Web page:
In a nutshell: World War II is fully raging, and four children named Peter, Susan, Edmund, and Lucy (from eldest to youngest) are sent away from London (because of air-raids) to Professor Kirke’s home in the countryside. Edmund is known to be the more argumentative and resentful of the lot, and believes himself superior than his older brother, Peter. One rainy day, Lucy sneaks inside a large wardrobe that leads her to another world named Narnia. This land is in a perpetual state of winter (but never Christmas) due to the heartless Queen/Witch Jadis, the self-proclaimed ruler. Eventually, all four siblings end up in Narnia at once, and they find out about a prophecy – which states that two sons of Adam and two daughters of Eve will arrive, defeat Jadis, and become the rightful Kings and Queens of Narnia. Edmund lets himself be tricked by the Witch, and the other three siblings travel, with a married pair of talking beavers, to find Aslan and his army at the Stone Table. Biblical references ensue.
I must say, I enjoyed the prequel The Magician’s Nephew just a bit more based on the following factors: pace and character development. The Lion, The Witch, and the Wardrobe seemed almost like it was desperately rushing through the plot. Lucy walks inside the magical wardrobe, accidentally finds herself in Narnia, meets Mr. Tumnus, the faun, who immediately tries to trick her then confesses his alliance to Queen Jadis, and ultimately helps Lucy get back home safely all in a five-paged chapter. Yes, it is a short moment and it keeps the plot moving, but it would have felt less rushed if it had taken place a few chapters later. At least for one as a reader to know more about the four siblings and how they felt before Lucy goes into the wardrobe; for their interactions and personalities to feel real. For instance, I barely remember anything too memorable about Susan as a character other than how she nonchalantly agreed to almost anything, and how she almost fainted when she encountered the giant wolf Maugrim. She seemed almost void of personality, if you will.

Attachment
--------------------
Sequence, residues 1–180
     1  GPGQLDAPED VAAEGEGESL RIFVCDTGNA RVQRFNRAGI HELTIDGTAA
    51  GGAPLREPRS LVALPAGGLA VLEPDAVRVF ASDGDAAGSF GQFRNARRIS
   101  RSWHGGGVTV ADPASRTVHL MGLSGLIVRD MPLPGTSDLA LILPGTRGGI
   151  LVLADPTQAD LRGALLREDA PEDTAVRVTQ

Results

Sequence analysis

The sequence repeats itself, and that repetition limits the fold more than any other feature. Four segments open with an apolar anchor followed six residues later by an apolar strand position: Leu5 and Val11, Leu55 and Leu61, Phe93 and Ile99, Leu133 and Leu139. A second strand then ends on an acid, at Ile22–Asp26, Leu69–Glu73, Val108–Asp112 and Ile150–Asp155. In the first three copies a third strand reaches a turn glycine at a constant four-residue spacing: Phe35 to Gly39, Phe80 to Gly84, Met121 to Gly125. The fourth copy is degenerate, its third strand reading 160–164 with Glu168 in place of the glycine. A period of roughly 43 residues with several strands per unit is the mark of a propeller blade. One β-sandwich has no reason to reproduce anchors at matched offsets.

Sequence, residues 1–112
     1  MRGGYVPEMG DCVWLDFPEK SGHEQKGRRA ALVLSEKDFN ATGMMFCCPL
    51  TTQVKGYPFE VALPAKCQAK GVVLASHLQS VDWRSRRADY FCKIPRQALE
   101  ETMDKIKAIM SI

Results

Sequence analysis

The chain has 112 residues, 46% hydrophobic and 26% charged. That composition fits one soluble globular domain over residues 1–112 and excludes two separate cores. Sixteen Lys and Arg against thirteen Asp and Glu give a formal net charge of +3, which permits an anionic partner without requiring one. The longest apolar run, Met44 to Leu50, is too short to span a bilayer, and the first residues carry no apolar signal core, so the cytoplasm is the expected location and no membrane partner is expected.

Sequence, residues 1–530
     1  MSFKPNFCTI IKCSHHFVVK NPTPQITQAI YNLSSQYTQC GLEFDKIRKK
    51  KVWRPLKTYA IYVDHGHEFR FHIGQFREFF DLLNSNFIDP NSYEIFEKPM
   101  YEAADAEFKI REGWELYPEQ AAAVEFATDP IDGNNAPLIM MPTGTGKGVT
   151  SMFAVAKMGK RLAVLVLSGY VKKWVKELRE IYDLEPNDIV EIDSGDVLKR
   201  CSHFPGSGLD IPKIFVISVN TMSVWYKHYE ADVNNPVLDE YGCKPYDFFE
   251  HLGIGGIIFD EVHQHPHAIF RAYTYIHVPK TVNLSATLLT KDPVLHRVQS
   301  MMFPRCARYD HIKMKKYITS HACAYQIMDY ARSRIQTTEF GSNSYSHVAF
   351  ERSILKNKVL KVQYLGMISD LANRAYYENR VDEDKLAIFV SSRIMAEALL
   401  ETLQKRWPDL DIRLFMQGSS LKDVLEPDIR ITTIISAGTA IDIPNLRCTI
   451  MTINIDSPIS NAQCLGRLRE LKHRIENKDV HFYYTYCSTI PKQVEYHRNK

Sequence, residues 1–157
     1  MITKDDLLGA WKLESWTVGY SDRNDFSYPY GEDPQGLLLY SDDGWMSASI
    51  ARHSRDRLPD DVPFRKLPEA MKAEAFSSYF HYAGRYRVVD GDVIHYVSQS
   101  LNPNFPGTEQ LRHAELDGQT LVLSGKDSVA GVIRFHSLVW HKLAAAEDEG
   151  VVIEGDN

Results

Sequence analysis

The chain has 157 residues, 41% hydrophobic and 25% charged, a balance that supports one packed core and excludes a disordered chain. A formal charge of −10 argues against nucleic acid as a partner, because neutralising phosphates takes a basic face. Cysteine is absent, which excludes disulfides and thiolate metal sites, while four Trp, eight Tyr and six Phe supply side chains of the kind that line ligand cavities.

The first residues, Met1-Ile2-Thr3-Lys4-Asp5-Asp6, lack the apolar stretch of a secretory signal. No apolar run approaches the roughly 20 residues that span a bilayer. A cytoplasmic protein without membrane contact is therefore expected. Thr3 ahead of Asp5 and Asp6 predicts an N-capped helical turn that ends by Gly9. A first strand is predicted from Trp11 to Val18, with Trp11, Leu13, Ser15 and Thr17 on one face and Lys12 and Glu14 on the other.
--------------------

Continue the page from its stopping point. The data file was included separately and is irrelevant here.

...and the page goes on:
Another small problem I had with this novel is the way Aslan moved. Alright, I am aware that sounded odd, but hear me out: there is a moment where Aslan actually claps his paws together, another where he holds Peter’s sword with his right paw, actually sits on a throne, and is apparently a biped.
One of the key moments in The Magician’s Nephew was Aslan’s first appearance as he creates Narnia; he held this fierce wildness about him along with nearly overwhelming nobility and power. Imagining a lion that moves around like a human does not exactly seem to fit in the category of what Aslan is supposed to represent. If anything, it reminds me of the Disney animated version of Robin Hood where Prince John was portrayed as a scraggly anthropomorphic lion, or the Disney sequel The Lion King 2: Simba’s Pride where two lions and other animals literally stood up on their hind legs and danced in a conga line.
The strongest quality of this book was the actual story and the descriptions. One of the best-described scenes – or my favorite one to slowly paint in my mind – takes place as the Witch’s power begins to fade and the previously frozen and bitterly cold land of Narnia thaws. Bubbling streams, singing birds, the smell of fresh grass, blue skies, a light breeze, and the Witch’s growing distaste and panic. I loved the contrast between that warm, clearly inviting world and the almost black-and-white harsh one we witnessed in the beginning of the novel. I mean, look at this little chunk and tell me it doesn’t make every bit of you crave springtime:
“There was no trace of the fog now. The sky became bluer and bluer, and now there were white clouds hurrying across it from time to time. A light breeze sprang up which scattered drops of moisture from the swaying branches and carried cool, delicious scents against the faces of the travelers. The trees began to come fully alive. The larches and birches were covered with green, the laburnums with gold. Soon the beech trees had put forth their delicate, transparent leaves.”
Don’t get me wrong, there are many more enjoyable moments in The Lion, The Witch, and the Wardrobe. I also appreciated the fantasy and the more serious tone that went into the writing. My issues are merely nitpicks out of what is a good novel overall, but was missing a few more bits to make it reach its fullest potential, which is why I will assign it a 4/5 stars.
Upcoming reviews of The Chronicles of Narnia:
- The Horse and His Boy
- Prince Caspian
- The Voyage of the Dawn Treader
- The Silver Chair
- The Last Battle
YouTube Channel: Minute Book Reports
Featured image via More-Sky